We have full-time internal development teams who dedicate all their efforts towards standardizing the deeper parts of the architecture, while we also benefit from a wider community of open-source contributors who bring new ideas to test and build on Appsmith’s core work. Wider adoption and testing from the open-source community allows us to stay extremely aligned with what developers want without getting stuck in our own biases.

In this dynamic, we see ourselves as the stewards of the Appsmith project. It’s our job to provide a stable architecture and an efficient development process. Community members can then contribute their suggestions and focus on building highly-customizable value-adds that don’t require major alterations to the core of the software. This has struck the right balance between the benefits and drawbacks of each development model on its own.

How the principles of modularity foster OSS contribution

The key benefit that we saw in regard to open-source contributions when moving from a purely monolithic architecture to a modular monolith was better organization – of both the codebase and the teams working on it. Code isolation, abstraction, ownership, development consistency, and simplicity all improved the developer experience.

While it’s clear how all of these principles can help any software team produce better software faster, several of these can be particularly beneficial for working with the OSS community. Determining boundaries and finding the right level of abstraction were very important for helping contributors understand the codebase (at least well enough to contribute), and embracing consistency and simplicity were key to further encouraging contributions.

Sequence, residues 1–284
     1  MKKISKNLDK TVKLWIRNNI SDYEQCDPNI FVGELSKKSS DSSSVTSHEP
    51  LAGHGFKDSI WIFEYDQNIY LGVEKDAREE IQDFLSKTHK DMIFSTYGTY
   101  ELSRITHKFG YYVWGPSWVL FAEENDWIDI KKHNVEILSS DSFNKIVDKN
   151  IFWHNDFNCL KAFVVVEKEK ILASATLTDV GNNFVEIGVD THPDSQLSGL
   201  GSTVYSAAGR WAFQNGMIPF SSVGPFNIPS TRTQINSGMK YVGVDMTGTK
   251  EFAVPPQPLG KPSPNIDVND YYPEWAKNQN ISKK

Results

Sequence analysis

We wanted to give OSS contributors the ability to alter and improve any aspects of the code that they wanted, without requiring them to have an extremely deep understanding of the architecture. Otherwise, developers would probably shy away from contributing due to the sheer amount of studying the codebase they’d have to do before becoming productive. It was important for us to cut down this barrier to entry.

Creating strict boundaries between different portions of the code also made the Appsmith codebase more intuitive for our internal teams and those contributors working on core components. Developers can be confident that each section of the code is responsible for exactly one thing without any overlap. It allows them to make changes, confident that they won’t break anything downstream in unexpected ways.

During modularizing, and while we were refactoring in preparation for open-sourcing, a consistent style began to emerge for how the different modules were created. The “Appsmith way of doing things” became clearer and easier to communicate to contributors — enabling developers to jump into a part of the codebase that they’d never seen before because they saw many familiar patterns from elsewhere in the codebase. Modularization encouraged more contribution, with clear ongoing benefits to the project.

Modularity also extends to how we address documentation. We are working to create the simplest developer experience possible and documentation is a big part of this — we’ve broken down the codebase into complicated architectural components that should be changed very infrequently and less-complicated feature-oriented components that can be changed frequently with no dangers. Instead of trying to document our codebase uniformly, we can prioritize the high-traffic feature-oriented areas so that developers have all the tools they need to contribute where they’re needed most.

Appsmith’s open-source experience

During Appsmith’s first year as a company, we were closed-source. We found that we could iterate much faster by just focusing on developing a minimum viable product, rather than diverting our focus to building an open-source community as well. And, to be honest, we felt a little vulnerable about putting our code out there for everyone to judge.

A year later, once we had a more stable foundation underneath us, we decided that pivoting in the open-source direction was now the right move. By that point, we had the major architectural components solidified and we knew that the best way to drive forward innovation in internal tool-building technology was to go ahead and open up our code and start building a community.

The immediate positive effects